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“Thence we sailed on, grieved at heart, glad to have escaped death, though we had lost our dear comrades; [135] and we came to the isle of Aeaea, where dwelt fair-tressed Circe, a dread goddess of human speech, own sister to Aeetes of baneful mind; and both are sprung from Helius, who gives light to mortals, and from Perse, their mother, whom Oceanus begot. [140] Here we put in to shore with our ship in silence, into a harbor where ships may lie, and some god guided us. Then we disembarked, and lay there for two days and two nights, eating our hearts for weariness and sorrow. But when fair-tressed Dawn brought to its birth the third day, [145] then I took my spear and my sharp sword, and quickly went up from the ship to a place of wide prospect, in the hope that I might see the works of men, and hear their voice. So I climbed to a rugged height, a place of outlook, and there took my stand, and I saw smoke rising from the broad-wayed earth [150] in the halls of Circe, through the thick brush and the wood. And I debated in mind and heart, whether I should go and make search, when I had seen the flaming smoke. And as I pondered, this seemed to me to be the better way, to go first to the swift ship and the shore of the sea, [155] and give my comrades their meal, and send them forth to make search. But when, as I went, I was near to the curved ship, then some god took pity on me in my loneliness, and sent a great, high-horned stag into my very path. He was coming down to the river from his pasture in the wood [160] to drink, for the might of the sun oppressed him; and as he came out I struck him on the spine in the middle of the back, and the bronze spear passed right through him, and down he fell in the dust with a moan, and his spirit flew from him. Then I planted my foot upon him, [165] and drew the bronze spear forth from the wound, and left it there to lie on the ground. But for myself, I plucked twigs and osiers, and weaving a rope as it were a fathom in length, well twisted from end to end, I bound together the feet of the monstrous beast, and went my way to the black ship, bearing him across my back and [170] leaning on my spear, since in no wise could I hold him on my shoulder with one hand, for he was a very mighty beast. Down I flung him before the ship, and heartened my comrades with gentle words, coming up to each man in turn: “‘Friends, not yet shall we go down [175] to the house of Hades, despite our sorrows, before the day of fate comes upon us. Nay, come, while there is yet food and drink in our swift ship, let us bethink us of food, that we pine not with hunger.’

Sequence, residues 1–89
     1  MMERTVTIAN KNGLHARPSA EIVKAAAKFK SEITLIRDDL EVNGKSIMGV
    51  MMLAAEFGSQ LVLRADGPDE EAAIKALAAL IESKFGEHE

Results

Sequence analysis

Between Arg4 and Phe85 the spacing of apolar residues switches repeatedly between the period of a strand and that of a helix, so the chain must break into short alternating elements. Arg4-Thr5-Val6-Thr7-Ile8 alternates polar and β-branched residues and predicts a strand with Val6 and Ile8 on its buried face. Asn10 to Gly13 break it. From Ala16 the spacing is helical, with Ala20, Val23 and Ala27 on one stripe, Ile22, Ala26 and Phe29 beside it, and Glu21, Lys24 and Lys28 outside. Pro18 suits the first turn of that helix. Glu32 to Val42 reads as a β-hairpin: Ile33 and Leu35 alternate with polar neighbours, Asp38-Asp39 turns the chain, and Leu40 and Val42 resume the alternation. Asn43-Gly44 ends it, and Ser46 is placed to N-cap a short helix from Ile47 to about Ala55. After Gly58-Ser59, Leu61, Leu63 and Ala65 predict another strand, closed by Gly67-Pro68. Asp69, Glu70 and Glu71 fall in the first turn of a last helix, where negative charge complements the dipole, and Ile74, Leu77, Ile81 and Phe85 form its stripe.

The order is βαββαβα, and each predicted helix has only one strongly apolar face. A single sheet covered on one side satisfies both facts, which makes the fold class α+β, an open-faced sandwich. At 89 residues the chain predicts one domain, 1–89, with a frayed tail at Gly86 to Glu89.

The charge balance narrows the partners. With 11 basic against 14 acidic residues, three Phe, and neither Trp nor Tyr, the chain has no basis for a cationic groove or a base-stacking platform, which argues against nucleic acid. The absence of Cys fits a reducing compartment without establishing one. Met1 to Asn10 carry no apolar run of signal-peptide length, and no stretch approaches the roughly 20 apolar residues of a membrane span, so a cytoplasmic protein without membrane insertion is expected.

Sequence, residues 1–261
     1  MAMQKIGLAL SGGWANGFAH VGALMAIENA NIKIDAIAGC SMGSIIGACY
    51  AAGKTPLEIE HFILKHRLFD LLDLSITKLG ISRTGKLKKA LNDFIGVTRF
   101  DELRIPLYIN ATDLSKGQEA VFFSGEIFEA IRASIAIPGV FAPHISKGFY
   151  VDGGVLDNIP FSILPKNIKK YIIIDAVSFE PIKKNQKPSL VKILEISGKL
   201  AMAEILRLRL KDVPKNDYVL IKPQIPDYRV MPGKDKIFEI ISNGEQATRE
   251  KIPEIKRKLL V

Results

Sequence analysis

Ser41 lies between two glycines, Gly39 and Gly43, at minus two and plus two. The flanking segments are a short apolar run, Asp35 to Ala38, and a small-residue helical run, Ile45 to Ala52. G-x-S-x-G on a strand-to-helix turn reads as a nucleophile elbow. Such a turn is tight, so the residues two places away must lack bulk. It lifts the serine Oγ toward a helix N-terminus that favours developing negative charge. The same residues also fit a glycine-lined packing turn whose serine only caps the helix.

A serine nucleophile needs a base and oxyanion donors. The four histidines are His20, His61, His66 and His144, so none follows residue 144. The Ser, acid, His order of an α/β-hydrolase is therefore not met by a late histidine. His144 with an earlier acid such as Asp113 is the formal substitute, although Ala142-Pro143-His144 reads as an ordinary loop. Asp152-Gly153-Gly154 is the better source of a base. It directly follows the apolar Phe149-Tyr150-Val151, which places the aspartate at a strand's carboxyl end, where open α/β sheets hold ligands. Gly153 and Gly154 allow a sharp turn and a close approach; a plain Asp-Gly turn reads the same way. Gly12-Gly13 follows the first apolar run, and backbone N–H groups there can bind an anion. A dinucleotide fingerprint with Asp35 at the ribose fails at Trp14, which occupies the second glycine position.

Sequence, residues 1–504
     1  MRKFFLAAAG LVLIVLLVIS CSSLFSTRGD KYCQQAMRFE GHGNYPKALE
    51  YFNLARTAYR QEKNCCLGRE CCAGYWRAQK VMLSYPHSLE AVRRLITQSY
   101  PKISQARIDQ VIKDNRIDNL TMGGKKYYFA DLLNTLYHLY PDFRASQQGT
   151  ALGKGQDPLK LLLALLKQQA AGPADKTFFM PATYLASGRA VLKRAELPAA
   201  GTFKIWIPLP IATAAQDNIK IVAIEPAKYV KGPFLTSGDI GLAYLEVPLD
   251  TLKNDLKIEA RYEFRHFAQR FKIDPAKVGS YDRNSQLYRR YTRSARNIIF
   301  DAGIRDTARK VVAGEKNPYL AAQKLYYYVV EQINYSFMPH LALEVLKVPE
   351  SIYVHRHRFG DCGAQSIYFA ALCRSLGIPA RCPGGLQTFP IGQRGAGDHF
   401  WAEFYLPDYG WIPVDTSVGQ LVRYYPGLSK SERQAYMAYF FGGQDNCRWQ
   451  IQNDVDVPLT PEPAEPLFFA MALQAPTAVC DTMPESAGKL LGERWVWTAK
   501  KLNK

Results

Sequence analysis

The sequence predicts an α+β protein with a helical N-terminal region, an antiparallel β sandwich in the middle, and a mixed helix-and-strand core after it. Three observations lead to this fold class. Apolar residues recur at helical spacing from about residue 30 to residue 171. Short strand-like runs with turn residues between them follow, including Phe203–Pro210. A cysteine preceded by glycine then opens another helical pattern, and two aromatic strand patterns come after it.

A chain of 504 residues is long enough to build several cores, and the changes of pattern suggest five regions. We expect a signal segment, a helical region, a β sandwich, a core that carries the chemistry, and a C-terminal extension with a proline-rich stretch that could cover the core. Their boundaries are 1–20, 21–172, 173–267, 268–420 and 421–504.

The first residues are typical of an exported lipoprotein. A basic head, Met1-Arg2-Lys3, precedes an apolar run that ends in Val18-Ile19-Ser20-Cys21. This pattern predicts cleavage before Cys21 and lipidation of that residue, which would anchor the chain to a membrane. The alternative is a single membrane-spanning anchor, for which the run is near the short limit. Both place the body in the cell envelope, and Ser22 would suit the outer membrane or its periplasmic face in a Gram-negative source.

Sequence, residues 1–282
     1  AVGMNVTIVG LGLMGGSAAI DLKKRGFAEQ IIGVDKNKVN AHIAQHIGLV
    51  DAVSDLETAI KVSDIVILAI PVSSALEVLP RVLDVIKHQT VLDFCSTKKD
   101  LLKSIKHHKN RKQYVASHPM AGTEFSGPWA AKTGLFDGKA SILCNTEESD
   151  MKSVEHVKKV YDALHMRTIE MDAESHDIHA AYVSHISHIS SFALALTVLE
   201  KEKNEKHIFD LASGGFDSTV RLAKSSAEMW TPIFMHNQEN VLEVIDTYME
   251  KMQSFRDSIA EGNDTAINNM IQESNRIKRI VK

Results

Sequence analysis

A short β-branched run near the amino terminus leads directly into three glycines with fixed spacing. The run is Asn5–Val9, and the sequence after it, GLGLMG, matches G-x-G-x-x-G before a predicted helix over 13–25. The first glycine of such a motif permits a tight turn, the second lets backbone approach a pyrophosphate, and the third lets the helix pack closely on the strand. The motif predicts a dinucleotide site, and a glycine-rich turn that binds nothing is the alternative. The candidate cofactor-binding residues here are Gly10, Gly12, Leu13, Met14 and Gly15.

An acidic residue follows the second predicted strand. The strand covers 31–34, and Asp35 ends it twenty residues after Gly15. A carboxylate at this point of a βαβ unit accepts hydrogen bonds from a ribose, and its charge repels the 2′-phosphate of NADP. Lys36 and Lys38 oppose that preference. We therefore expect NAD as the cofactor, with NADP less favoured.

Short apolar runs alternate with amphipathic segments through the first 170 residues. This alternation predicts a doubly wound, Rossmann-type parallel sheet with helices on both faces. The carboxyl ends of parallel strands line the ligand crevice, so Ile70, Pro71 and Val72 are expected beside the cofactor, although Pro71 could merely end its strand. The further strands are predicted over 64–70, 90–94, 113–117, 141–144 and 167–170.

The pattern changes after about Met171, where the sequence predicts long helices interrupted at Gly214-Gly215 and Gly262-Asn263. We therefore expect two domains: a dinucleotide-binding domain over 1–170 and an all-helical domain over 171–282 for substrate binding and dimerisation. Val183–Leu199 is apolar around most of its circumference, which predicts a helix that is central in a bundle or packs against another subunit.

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  • Commentary references to this page (1):
    • Charles Simmons, The Metamorphoses of Ovid, Books XIII and XIV, 14.10
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    • Raphael Kühner, Friedrich Blass, Ausführliche Grammatik der Griechischen Sprache, Dritte Deklination.
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